Today the names of the ten finalists for the 31st New Zealand Car of the Year award were released today by the New Zealand Motoring Writers’ Guild.

A common factor binding all potential candidates for the national award, meted annually by the New Zealand Motoring Writers’ Guild, is a high level of safety technology, guild president Richard Edwards says. He notes this year’s finalists – in no particular order being the BMW X3, Holden Commodore, Hyundai Kona, Kia Stinger, Mercedes-Benz A-Class, Skoda Karoq, Subaru Forester, Toyota Camry and a pair of Volvos – the XC40 and XC60 – all have as standard forms of lane keeping assist and autonomous emergency braking. “These types of technology save lives,” says Guild President Richard Edwards.

“It is great to see Kiwi families and employers can easily access vehicles with this level of safety at relatively affordable prices.” AEB is particularly relevant, designed to allow a vehicle to self-engage emergency braking in event of a potential collision event with a vehicle or even a pedestrian or cyclist if the driver has not reacted. It is now a required feature to earn a maximum score in Australasian and European NCAP crash testing. Edwards reminds that a recent European study cited that low-speed AEB technology had potential reduce the number and severity of rear-end crashes by 38 percent.

With fuel prices on the rise, he said it is also interesting half the vehicles either have, or are set to have, an electrified or hybrid option. The Kona is available in a fully-electric version now. The X3 will come in an electric version in 2020, preceded by an equivalent XC40. That car’s big brother, the XC60, offers as a plug-in hybrid. The Camry continues with the option of a hybrid drivetrain. “New Zealand is becoming a leader in the adoption of alternative energy vehicles and distributors are working hard to meet demand,” Edwards says. “Kiwi buyers have more options for this than our neighbour across the Tasman.”

The New Zealand Car of the Year has been given out annually since 1988 and is considered the country’s most prestigious motoring award since it is a truly national prize, without commercial ties. The award is decided by motoring commentators from throughout New Zealand and results from them having assessed the candidate vehicle in their local areas over an extended period.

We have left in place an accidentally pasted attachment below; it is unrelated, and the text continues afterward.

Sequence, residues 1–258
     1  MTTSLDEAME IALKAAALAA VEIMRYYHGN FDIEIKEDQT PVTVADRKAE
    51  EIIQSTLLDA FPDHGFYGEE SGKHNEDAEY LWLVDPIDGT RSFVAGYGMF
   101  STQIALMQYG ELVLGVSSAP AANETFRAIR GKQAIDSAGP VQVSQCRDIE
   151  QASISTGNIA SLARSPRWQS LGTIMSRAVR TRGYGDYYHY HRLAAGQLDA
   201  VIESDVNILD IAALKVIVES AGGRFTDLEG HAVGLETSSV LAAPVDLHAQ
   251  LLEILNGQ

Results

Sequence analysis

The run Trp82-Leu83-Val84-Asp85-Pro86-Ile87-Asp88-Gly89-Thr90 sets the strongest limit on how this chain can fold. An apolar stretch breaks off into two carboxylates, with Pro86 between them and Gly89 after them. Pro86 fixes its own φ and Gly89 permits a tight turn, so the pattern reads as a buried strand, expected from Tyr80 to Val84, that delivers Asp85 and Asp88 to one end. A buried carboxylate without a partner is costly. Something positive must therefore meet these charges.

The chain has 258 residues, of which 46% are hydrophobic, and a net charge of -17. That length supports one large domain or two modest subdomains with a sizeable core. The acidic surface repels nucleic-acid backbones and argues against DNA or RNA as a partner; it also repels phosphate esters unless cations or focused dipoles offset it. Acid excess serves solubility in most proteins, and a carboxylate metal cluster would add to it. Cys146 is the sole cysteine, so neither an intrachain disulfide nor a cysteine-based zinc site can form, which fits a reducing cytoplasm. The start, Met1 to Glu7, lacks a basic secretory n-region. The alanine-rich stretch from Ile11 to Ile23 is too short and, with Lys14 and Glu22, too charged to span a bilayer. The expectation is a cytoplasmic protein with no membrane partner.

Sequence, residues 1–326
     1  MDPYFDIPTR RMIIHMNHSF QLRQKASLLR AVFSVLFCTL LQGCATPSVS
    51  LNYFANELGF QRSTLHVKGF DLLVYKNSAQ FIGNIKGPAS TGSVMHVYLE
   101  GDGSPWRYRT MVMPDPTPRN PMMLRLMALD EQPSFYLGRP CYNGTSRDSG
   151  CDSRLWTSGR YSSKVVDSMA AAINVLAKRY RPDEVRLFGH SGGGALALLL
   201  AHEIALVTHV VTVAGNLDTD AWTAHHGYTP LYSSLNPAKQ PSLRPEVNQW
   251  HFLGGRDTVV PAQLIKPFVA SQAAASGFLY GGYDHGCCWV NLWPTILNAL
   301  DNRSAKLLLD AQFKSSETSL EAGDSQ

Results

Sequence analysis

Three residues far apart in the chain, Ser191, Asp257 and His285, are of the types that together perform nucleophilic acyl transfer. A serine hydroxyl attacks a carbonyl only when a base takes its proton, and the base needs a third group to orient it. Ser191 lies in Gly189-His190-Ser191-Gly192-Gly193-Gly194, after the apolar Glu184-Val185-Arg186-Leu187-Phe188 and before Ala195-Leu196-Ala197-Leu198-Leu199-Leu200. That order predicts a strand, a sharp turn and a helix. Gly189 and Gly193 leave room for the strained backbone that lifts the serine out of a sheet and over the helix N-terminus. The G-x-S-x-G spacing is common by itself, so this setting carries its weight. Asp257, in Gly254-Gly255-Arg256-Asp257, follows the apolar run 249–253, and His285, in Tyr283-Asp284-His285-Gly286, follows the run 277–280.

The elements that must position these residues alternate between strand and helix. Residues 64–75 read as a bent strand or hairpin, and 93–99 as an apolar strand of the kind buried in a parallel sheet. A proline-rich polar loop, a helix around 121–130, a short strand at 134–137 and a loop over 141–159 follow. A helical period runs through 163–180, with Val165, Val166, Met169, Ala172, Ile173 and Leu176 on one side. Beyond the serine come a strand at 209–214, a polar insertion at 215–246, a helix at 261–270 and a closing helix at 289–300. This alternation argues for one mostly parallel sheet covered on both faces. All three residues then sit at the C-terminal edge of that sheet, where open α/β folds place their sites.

Criteria range from how the performs its intended role; styling, interior design and accommodation; fit, finish and quality; ride and refinement; performance; road-holding and handling; value for money; active and passive safety and environmental responsibility.

The most affordable car this year is the Kona, which starts from $31,990, with the most expensive the X3, available from $94,650. Five of the 10 finalists are available for less than $50,000.

The New Zealand Car of the Year is to be announced in early December, with the winner to receive the Peter Greenslade Trophy. The current recipient is the Skoda Kodiaq.

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Fred Alvrez
How on earth to start this? I've been car/bike/truck crazy since I was a teen. Like John, I had the obligatory Countach poster on the wall. I guess I'm more officially into classic and muscle cars than anything else - I currently have a '65 Sunbeam Tiger that left the factory the same day as I left the hospital as a newborn with my mother. How could I not buy that car? In 2016 my wife and I drove across the USA in a brand-new Dodge Challenger, and then shipped it home. You can read more on We did this again in 2019 in a 1990 Chev Corvette - you can read about that trip on DriveLife. I'm a driving instructor and an Observer for the Institute of Advanced Motorists - trying to do my bit to make our roads safer.


  1. HI Scott. Judges were asked to base points scoring on: the level at which the vehicle performs its allotted role; styling; interior design and accommodation; fit, finish and quality; ride and refinement; performance; road-holding and handling; value for money; active and passive safety; environmental responsibility.
    It would be difficult to judge based on reliability – only models released in the last 12 months are eligible, so how to judge reliability? You could say base it on previous models but that certainly wouldn’t be fair.
    Fair comment on service costs and warranty periods, but the award is for the best car, not necessarily the best deal as far as servicing costs or warranty periods go.
    I’m not sure what you mean by ‘the people car is Japanese’?
    Thanks for the comment though, very interesting thoughts.


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